Hispanic voters are hoping for a turnaround in the balance of power in the U.S. Midterm elections. With the Senate race about to come down to a few key states, political analysts are eyeing Hispanic voters to tip the balance in their favor.

According to Fox News, outreach efforts have targeted the Hispanic voting community to come out and vote, as experts said more Latinos are leaving the Democratic Party. A political science professor at the University of Nevada Las Vegas, Dr. John Tuman said Hispanic voter tracking patterns have always been tough and misleading. Although surveys tend to base their data on Hispanic surnames, Tuman said this is still not a reliable strategy to predict voter outcomes.

In 2020, the election outcomes in Florida and south Texas saw what experts call “the red wave” among Hispanic voters, but this would not be an applicable survey prediction for Republicans in the states of Nevada, California and Arizona, as these areas that have Democrats locked in tight congressional and statewide elections.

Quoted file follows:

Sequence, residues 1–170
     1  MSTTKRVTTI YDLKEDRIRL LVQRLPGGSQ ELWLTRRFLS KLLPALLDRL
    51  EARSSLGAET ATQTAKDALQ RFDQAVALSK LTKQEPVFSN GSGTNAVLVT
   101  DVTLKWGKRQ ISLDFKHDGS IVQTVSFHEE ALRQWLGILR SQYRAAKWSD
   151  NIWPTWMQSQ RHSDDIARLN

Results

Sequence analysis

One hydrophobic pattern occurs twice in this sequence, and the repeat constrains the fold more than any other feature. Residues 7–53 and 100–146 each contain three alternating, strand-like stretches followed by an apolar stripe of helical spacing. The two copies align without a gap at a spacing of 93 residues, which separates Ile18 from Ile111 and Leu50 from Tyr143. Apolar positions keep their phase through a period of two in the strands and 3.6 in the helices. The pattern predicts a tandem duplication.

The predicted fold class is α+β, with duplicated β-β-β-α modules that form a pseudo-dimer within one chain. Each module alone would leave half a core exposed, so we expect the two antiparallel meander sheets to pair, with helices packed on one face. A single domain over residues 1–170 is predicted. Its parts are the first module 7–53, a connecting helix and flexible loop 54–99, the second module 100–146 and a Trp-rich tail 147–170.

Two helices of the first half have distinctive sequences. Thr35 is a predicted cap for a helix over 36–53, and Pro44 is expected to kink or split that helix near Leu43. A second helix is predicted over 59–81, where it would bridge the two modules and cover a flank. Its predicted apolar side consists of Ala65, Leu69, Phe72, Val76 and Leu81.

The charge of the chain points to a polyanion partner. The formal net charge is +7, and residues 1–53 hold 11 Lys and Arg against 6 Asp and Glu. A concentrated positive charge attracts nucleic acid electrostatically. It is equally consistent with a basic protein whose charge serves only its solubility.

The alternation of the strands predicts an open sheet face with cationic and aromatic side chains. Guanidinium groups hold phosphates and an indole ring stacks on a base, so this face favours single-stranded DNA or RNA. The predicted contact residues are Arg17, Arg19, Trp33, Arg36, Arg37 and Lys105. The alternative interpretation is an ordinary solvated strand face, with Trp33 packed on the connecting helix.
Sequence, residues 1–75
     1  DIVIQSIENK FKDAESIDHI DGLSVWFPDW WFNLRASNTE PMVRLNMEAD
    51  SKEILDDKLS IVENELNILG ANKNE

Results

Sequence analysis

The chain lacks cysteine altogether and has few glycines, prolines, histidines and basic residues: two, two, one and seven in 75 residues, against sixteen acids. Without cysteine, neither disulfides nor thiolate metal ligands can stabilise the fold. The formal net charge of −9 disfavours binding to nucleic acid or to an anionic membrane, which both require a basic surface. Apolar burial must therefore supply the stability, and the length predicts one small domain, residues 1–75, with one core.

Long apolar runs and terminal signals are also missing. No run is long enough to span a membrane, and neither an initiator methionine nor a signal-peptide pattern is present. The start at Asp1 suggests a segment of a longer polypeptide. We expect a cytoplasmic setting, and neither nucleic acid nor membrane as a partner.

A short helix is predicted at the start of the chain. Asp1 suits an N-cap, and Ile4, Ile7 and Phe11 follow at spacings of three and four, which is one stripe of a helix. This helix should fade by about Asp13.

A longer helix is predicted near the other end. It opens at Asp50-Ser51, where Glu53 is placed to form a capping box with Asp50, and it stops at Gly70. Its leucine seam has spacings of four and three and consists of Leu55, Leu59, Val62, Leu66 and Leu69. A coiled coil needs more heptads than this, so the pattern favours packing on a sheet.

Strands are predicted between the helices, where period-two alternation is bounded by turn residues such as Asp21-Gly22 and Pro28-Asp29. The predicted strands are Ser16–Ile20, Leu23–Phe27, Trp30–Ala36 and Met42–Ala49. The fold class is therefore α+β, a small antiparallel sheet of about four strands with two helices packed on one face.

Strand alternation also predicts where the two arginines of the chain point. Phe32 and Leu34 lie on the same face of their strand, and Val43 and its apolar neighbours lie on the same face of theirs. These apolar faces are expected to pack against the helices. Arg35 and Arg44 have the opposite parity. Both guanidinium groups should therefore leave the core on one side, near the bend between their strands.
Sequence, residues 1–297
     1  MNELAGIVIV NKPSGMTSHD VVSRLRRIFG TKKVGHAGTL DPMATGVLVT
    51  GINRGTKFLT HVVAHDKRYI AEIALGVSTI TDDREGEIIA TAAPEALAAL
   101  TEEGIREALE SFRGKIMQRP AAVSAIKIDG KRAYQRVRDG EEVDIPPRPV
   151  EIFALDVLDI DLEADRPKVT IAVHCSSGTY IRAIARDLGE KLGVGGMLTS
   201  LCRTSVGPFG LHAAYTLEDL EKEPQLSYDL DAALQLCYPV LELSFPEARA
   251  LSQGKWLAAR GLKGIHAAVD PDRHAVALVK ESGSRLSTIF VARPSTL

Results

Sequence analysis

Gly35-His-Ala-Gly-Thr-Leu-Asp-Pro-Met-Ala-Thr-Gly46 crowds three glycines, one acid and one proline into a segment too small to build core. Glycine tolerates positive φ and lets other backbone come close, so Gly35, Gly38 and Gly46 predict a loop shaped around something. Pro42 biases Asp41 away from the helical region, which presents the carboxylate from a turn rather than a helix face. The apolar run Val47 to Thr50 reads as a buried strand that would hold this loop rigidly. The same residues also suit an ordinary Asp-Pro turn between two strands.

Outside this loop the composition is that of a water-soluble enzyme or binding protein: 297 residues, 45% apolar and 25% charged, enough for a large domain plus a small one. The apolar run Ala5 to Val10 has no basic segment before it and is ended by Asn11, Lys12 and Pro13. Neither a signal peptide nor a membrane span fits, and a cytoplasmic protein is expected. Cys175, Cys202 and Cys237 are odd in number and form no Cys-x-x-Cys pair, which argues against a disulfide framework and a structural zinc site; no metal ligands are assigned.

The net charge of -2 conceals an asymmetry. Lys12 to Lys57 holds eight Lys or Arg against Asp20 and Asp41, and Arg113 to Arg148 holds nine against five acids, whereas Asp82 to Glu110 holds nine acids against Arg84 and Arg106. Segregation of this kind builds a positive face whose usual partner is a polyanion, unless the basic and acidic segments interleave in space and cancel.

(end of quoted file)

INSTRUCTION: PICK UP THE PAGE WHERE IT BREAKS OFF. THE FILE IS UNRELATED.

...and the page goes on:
Self-identification can play a significant role in voters’ choices, bringing to light a good percentage of Hispanic supporters for Sen. Cortex Masto who is Latina. However, others said they prefer to vote according to issue and not ethnicity. When asked about which issues stand out most to the Hispanic community, the economy stands out on top. 

Democrats are hopeful that Latino voters would turn “red” states into “purple” but word from the vine says this may be a blurry outcome to pine for. New Latino poll results seem to show waning support for Democrats as traditionally Democratic states such as Miami Dade County in Florida are now seeing a big significant shift. In past elections, Latino voters helped tip the outcomes which recently saw President Joe Biden win in the state of Arizona in 2020. 

Political science professor Gabriel Sanches remarked, “Based on the most recent polling, it looks as though Democrats are not going to capture the same kind of hefty vote share of Latinos that they've been used to in the last few presidential election cycles.”

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